spontaneous combustion

spontaneous combustion

noun
the ignition of a substance or body from the rapid oxidation of its own constituents without heat from any external source.

Origin:
1800–10

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Collins
World English Dictionary
spontaneous combustion
 
n
the ignition of a substance or body as a result of internal oxidation processes, without the application of an external source of heat, occurring in finely powdered ores, coal, straw, etc

Collins English Dictionary - Complete & Unabridged 10th Edition
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American Heritage
Science Dictionary
spontaneous combustion  
The bursting into flame of a mass of material as a result of chemical reactions within the substance, without the addition of heat from an external source. Oily rags and damp hay, for example, are subject to spontaneous combustion.
The American Heritage® Science Dictionary
Copyright © 2002. Published by Houghton Mifflin. All rights reserved.
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American Heritage
Cultural Dictionary

spontaneous combustion definition


A process by which a collection of materials (such as oily rags) catches fire without the application of heat from outside. The oxidation of substances in the materials starts the fire.

The American Heritage® New Dictionary of Cultural Literacy, Third Edition
Copyright © 2005 by Houghton Mifflin Company.
Published by Houghton Mifflin Company. All rights reserved.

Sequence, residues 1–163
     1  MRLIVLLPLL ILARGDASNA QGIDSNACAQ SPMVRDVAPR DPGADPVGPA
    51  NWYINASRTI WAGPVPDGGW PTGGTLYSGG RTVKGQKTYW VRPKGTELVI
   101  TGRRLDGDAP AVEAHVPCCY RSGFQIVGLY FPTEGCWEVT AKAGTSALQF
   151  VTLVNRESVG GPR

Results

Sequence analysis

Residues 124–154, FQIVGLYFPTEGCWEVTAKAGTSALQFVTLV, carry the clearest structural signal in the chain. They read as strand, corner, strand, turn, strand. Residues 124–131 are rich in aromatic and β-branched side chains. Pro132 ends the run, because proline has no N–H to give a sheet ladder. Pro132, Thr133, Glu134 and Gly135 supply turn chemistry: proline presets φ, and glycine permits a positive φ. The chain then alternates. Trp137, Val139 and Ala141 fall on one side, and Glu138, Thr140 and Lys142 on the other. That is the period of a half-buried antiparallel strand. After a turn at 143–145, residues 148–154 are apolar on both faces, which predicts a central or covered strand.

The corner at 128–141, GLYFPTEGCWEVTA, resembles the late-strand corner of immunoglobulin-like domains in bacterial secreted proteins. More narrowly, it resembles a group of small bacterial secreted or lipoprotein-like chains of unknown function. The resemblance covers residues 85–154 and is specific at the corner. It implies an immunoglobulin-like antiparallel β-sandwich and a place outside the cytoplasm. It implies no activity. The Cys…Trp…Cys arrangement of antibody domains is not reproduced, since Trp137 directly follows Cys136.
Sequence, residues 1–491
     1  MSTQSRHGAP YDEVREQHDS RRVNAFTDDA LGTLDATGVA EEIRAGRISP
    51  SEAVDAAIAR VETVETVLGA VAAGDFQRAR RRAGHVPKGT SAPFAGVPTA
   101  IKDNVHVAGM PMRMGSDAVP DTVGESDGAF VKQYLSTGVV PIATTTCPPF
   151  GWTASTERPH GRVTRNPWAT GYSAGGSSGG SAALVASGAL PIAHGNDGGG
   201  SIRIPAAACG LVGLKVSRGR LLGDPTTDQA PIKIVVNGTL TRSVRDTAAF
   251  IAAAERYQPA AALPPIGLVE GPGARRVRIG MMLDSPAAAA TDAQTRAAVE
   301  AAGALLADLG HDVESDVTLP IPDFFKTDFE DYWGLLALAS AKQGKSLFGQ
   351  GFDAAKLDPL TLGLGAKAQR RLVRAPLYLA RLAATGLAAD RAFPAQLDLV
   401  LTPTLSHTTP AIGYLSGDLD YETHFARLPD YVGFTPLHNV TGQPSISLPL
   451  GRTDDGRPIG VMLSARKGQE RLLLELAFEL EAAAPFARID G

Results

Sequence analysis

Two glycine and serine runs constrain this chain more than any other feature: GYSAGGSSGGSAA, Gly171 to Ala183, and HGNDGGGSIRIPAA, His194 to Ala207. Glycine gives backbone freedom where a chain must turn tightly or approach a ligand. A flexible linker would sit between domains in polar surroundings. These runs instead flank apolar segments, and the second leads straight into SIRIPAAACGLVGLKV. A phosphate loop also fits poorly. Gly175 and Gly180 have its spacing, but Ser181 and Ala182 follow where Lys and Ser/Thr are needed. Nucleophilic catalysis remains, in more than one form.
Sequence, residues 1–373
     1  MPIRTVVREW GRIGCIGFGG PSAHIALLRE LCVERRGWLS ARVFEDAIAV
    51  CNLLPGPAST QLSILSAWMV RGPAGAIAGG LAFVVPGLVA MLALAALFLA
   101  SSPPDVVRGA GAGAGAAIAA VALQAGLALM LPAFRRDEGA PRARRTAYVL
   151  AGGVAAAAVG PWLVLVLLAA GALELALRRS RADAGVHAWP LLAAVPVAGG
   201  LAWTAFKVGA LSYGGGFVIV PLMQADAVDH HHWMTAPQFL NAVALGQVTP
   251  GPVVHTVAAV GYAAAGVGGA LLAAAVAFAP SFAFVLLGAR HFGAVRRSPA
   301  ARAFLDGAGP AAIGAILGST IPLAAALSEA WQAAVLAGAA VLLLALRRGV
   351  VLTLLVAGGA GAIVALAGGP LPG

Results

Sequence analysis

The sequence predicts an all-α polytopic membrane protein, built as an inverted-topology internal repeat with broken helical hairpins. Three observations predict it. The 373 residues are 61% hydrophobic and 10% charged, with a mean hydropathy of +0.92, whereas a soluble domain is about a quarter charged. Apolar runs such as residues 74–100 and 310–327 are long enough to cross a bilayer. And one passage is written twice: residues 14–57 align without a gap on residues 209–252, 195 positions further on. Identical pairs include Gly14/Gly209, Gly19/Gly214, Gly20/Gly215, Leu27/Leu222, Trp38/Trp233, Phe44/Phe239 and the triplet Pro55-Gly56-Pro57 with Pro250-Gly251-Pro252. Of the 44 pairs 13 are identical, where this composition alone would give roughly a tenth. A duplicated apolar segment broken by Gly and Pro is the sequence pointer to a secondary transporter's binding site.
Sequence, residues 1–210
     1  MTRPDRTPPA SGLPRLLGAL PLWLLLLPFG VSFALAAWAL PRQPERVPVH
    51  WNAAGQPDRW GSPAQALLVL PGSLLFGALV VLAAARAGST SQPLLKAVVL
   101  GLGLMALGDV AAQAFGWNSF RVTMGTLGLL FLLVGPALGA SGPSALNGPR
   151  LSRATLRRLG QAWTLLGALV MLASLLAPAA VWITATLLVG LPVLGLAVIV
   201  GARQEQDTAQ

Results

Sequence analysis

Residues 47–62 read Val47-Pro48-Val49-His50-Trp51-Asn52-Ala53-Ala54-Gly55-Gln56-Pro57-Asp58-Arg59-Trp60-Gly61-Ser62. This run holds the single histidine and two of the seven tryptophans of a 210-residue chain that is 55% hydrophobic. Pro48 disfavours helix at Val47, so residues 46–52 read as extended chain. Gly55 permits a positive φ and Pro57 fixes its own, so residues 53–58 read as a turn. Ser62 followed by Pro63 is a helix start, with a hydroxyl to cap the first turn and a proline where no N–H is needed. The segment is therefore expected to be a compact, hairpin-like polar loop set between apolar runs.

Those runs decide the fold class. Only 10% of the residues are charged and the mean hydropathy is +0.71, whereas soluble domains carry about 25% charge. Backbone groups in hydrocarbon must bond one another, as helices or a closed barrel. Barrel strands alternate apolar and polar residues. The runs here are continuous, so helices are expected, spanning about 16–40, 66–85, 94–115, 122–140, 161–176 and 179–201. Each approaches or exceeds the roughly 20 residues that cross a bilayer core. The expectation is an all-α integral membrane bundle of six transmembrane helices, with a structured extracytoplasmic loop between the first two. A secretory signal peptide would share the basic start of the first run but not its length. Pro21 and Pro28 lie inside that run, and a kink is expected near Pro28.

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Encyclopedia Britannica
Encyclopedia

spontaneous combustion

the outbreak of fire without application of heat from an external source. Spontaneous combustion may occur when combustible matter, such as hay or coal, is stored in bulk. It begins with a slow oxidation process (as bacterial fermentation or atmospheric oxidation) under conditions not permitting ready dissipation of heat-e.g., in the centre of a haystack or a pile of oily rags. Oxidation gradually raises the temperature inside the mass to the point at which a fire starts. Crops are commonly dried before storage or, during storage, by forced circulation of air, to prevent spontaneous combustion by inhibiting fermentation. For the same reason, soft coal in small size is wetted to suppress aerial oxidation.

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Encyclopedia Britannica, 2008. Encyclopedia Britannica Online.
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